The ongoing series of veiled threats and vague statements regarding the Trump Administration’s potential policies on legalized marijuana has, in part, become an argument over facts.
As in, what actually constitutes one?
The latest example came in an exchange of letters in recent weeks between Attorney General Jeff Sessions and officials in the state of Washington.
Voters long ago decided the issue of marijuana in Washington, voting to legalize it for both medical and recreational use.
However, Sessions has long been an opponent of legalized marijuana. He has scoffed at the idea it works as a medicine. He has stated that it leads to violent crime and is a “gateway” drug. He stated, famously, that “good people don’t smoke marijuana.”
That last statement is subjective, but plenty of scientific studies show Sessions is wrong about the medical potential of marijuana, its contribution to crime and it being a gateway drug.
Then, in a July letter to state leaders in Washington, Sessions quoted at length from a report which he said found that marijuana regulation in Washington is inadequate. Some of the charges included selling marijuana to minors and that marijuana from Washington has been shipped to 43 other states.
In response, Washington Gov. Jay Inslee and Attorney General Robert Ferguson said Sessions is relying on old data that is no longer factual under the current regulatory system.
“Honestly, it’s hard to take him seriously if he relies on such outdated information,” Ferguson told the Seattle Times.
Governor Inslee took a more circumspect tone in his letter in response to Sessions, issuing a statement that commended Sessions on his concerns about public safety in connection with the marijuana market. However, he also pointed out that he believes Sessions is using bad information.
“It is clear that our goals regarding health and safety are in step with the goals Attorney General Sessions has articulated,” Inslee said. “Unfortunately he is referring to incomplete and unreliable data that does not provide the most accurate snapshot of our efforts since the marketplace opened in 2014.”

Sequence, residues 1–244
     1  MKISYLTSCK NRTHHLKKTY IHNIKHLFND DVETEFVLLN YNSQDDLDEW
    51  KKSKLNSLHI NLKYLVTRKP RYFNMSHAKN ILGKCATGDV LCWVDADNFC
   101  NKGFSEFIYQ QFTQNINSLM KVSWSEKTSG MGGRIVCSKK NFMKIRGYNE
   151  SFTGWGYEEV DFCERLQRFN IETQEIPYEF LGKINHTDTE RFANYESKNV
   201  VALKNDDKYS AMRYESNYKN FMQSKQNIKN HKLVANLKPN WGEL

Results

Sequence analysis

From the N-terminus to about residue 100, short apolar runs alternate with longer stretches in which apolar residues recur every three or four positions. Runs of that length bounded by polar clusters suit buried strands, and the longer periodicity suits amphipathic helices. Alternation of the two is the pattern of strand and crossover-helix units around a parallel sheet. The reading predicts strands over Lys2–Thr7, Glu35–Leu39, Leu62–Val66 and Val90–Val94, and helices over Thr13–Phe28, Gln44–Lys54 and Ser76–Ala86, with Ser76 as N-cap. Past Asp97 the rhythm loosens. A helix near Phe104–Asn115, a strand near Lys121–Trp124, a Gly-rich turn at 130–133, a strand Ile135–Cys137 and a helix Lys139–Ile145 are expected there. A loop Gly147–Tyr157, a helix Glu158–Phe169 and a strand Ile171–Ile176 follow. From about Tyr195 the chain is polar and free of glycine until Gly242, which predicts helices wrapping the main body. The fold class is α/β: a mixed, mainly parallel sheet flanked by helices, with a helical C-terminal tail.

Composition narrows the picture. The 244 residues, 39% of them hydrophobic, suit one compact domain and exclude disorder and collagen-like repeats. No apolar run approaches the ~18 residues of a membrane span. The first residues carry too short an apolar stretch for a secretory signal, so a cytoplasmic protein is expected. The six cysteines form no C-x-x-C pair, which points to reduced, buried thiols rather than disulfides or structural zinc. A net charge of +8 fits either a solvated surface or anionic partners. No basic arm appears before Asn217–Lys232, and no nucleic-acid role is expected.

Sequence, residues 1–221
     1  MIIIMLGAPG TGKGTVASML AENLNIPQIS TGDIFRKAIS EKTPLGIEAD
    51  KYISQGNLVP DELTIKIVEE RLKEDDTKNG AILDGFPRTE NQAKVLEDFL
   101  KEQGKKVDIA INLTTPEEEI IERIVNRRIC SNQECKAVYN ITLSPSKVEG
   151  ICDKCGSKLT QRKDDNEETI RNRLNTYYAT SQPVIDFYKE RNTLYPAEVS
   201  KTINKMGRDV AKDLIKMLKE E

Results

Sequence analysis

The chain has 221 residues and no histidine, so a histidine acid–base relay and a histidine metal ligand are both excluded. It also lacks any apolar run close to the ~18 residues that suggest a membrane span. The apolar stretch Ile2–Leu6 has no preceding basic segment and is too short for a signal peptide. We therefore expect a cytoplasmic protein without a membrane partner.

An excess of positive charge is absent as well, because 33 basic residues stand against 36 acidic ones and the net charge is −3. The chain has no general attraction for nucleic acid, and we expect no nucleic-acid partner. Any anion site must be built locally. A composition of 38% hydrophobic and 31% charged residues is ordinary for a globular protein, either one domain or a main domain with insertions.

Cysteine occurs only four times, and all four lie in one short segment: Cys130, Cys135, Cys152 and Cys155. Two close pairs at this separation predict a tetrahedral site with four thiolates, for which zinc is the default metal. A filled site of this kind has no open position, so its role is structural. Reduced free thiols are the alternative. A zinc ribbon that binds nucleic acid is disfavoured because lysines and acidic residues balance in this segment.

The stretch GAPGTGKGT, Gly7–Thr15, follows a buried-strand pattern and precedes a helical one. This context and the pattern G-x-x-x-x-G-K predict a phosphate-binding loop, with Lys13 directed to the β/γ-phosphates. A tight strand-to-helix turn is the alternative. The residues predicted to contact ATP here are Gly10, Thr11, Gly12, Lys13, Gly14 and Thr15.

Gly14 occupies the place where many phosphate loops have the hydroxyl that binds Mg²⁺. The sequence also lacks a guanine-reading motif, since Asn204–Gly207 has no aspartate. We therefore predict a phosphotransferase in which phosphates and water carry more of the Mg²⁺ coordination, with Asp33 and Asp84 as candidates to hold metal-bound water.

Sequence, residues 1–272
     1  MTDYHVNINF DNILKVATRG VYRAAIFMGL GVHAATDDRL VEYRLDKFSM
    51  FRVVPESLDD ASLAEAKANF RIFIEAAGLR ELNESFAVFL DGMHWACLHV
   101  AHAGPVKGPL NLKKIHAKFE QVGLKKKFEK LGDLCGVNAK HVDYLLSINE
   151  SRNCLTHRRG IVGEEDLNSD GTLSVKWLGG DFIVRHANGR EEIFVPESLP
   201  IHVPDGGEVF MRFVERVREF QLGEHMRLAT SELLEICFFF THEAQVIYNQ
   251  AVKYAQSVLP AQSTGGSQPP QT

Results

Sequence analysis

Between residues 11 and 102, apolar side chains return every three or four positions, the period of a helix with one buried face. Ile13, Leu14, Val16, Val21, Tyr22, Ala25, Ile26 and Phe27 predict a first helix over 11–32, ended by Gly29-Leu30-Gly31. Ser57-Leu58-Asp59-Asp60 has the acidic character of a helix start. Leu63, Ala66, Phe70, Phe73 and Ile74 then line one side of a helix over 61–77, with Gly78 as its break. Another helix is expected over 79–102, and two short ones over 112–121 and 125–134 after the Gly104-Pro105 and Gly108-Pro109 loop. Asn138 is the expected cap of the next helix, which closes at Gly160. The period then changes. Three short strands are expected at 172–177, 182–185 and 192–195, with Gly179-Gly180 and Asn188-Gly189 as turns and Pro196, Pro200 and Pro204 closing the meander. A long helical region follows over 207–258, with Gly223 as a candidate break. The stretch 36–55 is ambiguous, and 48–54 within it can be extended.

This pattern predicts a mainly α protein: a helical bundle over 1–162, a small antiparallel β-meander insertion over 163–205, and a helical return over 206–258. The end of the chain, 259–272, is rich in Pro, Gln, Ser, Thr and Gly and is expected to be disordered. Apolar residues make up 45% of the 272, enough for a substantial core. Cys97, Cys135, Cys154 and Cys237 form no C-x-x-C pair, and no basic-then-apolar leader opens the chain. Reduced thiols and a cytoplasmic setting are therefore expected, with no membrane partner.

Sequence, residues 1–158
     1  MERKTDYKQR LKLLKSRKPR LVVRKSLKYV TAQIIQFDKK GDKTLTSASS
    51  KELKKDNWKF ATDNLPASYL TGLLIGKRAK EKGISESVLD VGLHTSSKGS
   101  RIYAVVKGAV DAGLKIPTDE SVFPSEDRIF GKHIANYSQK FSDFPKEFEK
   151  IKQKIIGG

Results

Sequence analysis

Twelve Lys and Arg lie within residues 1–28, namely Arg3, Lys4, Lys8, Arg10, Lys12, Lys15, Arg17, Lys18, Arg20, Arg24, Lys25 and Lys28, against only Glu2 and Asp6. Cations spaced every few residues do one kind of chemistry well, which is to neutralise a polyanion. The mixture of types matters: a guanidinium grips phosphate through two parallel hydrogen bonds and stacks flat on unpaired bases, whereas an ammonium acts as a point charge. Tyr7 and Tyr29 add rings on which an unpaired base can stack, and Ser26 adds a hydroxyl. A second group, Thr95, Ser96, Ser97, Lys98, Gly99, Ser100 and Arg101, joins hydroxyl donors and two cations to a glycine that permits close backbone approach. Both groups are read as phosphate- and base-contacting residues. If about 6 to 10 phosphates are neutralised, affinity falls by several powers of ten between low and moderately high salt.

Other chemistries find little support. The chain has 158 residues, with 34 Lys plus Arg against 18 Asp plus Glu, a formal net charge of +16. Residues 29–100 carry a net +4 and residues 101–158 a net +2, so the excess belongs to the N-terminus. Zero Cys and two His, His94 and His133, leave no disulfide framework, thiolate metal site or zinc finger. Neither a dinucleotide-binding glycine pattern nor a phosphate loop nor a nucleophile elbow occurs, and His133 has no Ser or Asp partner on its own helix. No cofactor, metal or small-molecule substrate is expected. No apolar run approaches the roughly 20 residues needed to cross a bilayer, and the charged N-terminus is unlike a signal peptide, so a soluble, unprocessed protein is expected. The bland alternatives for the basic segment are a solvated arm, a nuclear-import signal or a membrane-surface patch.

Inslee also directly addressed the now months-long, ongoing series of comments from Trump Administration officials that seem to indicate they will enforce federal laws that list marijuana as an illegal drug. It remains unclear what that means, exactly.
Inslee wrote that Washington state is working hard to fulfill the wishes of state voters to have legal marijuana while also creating a sound regulatory system. He wrote that it is important the Trump Administration support the state “rather than undermining our efforts and diminishing our ability to work constructively with growers and distributors.”
A common sense question in all of this is why top political leaders in 2017 are debating an issue via snail mail. The answer seems to be simply that they can’t get a meeting.
In February, Inslee and Ferguson wrote a letter to Sessions asking for a one-on-one meeting about marijuana. Colorado officials invited Sessions to the Rocky Mountain State earlier this year to see firsthand how the government is regulating cannabis and how marijuana businesses are operating.
In April, the governors of Alaska. Colorado, Oregon and Washington teamed up to write a letter for Sessions asking for a meeting.
Sessions met privately with Colorado Gov. John Hickenlooper in Washington, D.C. Afterward, Hickenlooper said he is optimistic there will be no crackdown by the federal government on marijuana. However, Sessions subsequently wrote a letter about regulatory concerns to Colorado officials that resembles the one sent to Washington officials.
No other meetings have been held.